Category Archives: Homer

Endure O heart!: Odyssey 20, lines 10 – 21

I have chosen this passage from the Odyssey, as it is one that I have found can be comforting, especially during times of uncertainty. More often than not we have […]

Endlessness – Homer, Ibycus, Cicero, Leopardi (Contributed by Cristina Lofaro)

These passages explain the feelings of the four poets dealing with what is endless, impossible to reach, and for man to understand in depth. In the Greek and Latin extracts, […]

Poppies in Classical Poetry – Homer, Catullus, Virgil, Dante (contributed by Jane Mason and David Bevan)

Homer’s simile describes the death of a minor character, shot by mistake by Teucer when aiming at Hector. Catullus’ poem begins with a bitter and crude invective against his unfaithful […]

Homer, Odyssey 9.82-105 (contributed by Amanda Waters)

As an AS level student who studied Greek to GCSE, it was very gratifying when my knowledge of Greek helped me to understand the poetry unit of my English AS. […]

Homer Odyssey 9.355-370, 403-414 (contributed by Jane Mason)

I love this story: the way they both try to trick each other, the baffled and callous response of the other Cyclopes, but especially the word play! The confusion between […]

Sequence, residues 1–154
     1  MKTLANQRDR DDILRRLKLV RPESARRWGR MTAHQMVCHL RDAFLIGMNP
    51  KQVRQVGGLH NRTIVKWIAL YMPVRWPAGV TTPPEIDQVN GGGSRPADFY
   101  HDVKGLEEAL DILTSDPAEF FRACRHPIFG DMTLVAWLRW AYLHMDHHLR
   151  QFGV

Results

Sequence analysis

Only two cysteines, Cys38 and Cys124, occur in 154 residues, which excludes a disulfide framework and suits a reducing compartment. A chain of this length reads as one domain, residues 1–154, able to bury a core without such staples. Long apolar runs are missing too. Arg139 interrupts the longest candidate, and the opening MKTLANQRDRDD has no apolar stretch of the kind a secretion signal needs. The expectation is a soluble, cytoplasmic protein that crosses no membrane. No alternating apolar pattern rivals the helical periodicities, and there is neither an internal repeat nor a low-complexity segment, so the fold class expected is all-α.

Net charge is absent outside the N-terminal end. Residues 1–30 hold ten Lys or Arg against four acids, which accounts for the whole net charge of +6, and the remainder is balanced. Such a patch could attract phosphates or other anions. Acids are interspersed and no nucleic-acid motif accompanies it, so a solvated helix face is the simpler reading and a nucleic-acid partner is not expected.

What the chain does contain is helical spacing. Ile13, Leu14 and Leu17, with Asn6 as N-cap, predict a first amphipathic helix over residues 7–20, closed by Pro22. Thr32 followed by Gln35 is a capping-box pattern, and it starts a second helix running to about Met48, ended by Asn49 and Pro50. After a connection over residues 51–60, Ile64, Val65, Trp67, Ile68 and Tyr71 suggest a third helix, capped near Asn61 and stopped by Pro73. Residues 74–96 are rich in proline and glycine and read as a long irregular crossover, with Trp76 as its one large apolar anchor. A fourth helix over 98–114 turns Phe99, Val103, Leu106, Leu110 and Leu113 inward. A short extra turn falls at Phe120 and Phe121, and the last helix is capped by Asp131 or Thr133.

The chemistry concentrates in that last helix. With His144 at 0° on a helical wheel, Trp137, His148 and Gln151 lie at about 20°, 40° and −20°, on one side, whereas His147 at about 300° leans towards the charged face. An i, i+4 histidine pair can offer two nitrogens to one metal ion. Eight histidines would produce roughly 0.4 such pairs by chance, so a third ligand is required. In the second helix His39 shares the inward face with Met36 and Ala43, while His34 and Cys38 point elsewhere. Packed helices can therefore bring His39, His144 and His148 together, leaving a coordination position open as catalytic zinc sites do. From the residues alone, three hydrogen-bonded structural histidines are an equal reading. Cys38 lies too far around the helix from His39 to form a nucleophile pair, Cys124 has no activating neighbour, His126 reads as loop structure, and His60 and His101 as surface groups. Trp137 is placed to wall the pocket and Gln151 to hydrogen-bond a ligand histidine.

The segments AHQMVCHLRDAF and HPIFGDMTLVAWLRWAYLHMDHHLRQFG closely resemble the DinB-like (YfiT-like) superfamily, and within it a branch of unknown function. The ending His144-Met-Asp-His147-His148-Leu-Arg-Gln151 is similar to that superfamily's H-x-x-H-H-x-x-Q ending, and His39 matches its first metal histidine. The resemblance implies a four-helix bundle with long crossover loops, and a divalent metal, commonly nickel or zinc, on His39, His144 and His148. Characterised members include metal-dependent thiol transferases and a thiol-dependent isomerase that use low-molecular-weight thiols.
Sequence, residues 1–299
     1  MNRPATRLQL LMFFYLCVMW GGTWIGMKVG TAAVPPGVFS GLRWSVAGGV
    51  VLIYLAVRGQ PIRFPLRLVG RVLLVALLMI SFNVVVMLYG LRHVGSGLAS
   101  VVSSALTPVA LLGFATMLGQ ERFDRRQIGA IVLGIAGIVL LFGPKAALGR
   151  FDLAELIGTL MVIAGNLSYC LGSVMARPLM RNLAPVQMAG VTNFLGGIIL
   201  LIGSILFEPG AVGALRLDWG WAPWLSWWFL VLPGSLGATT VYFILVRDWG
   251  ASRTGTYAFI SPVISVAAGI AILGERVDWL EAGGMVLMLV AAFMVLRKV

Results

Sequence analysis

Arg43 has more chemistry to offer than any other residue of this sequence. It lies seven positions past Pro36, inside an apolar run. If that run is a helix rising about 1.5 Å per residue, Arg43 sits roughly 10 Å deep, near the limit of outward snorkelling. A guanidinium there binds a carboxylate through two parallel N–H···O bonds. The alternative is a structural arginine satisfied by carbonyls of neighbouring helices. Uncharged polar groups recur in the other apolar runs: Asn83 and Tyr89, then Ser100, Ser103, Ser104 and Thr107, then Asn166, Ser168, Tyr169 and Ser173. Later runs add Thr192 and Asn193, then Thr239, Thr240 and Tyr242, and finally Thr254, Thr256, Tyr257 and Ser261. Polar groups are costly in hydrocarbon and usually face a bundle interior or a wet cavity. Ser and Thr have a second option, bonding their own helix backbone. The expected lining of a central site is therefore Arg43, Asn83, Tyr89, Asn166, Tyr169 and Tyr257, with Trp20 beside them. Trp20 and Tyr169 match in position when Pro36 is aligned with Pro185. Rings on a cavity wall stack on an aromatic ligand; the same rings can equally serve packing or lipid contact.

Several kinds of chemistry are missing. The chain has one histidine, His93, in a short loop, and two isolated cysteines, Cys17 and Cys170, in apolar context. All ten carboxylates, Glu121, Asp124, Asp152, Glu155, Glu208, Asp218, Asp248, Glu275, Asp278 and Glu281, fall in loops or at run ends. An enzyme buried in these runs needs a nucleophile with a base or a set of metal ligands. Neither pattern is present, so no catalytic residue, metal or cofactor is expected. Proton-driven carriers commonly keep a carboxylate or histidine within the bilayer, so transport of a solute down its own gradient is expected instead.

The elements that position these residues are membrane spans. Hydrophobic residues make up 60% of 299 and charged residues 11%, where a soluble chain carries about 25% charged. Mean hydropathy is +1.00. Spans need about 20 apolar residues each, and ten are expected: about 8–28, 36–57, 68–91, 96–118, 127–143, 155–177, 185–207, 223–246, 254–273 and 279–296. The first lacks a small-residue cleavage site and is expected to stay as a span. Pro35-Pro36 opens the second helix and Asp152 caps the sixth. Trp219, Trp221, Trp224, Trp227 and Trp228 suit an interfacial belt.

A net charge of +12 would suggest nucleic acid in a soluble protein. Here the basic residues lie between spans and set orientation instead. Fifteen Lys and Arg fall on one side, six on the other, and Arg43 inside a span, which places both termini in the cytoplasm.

Homer Iliad 1.334-363, 16.1-19, 18.70-77 (Contributed by Tom Brown)

I loved the passage about the removal of Briseis, followed by Achilles’ tearful appeal to Thetis, when I first read it at school (c. 1967), but it was only 40 […]

Iliad 6.447 – 489 (excerpts)

Hector bids farewell to Andromache and Astyanax. These lines contain all the contradictory emotions called forth by the heartbreak of war, the conflict of love and duty, courage and acceptance […]

Odyssey 1.1-10

The opening lines from the Odyssey, in which Homer describes the hero Odysseus, his character, his suffering. Jane Mason and Stephen Jenkin   ἄνδρα μοι ἔννεπε, μοῦσα, πολύτροπον, ὃς μάλα […]

Iliad 1.1-7

The opening lines from the Iliad, in which Homer describes the dispute between Agamemnon and Achilles and its effect on the Greek soldiers. Stephen Jenkin μῆνιν ἄειδε θεὰ Πηληϊάδεω Ἀχιλῆος […]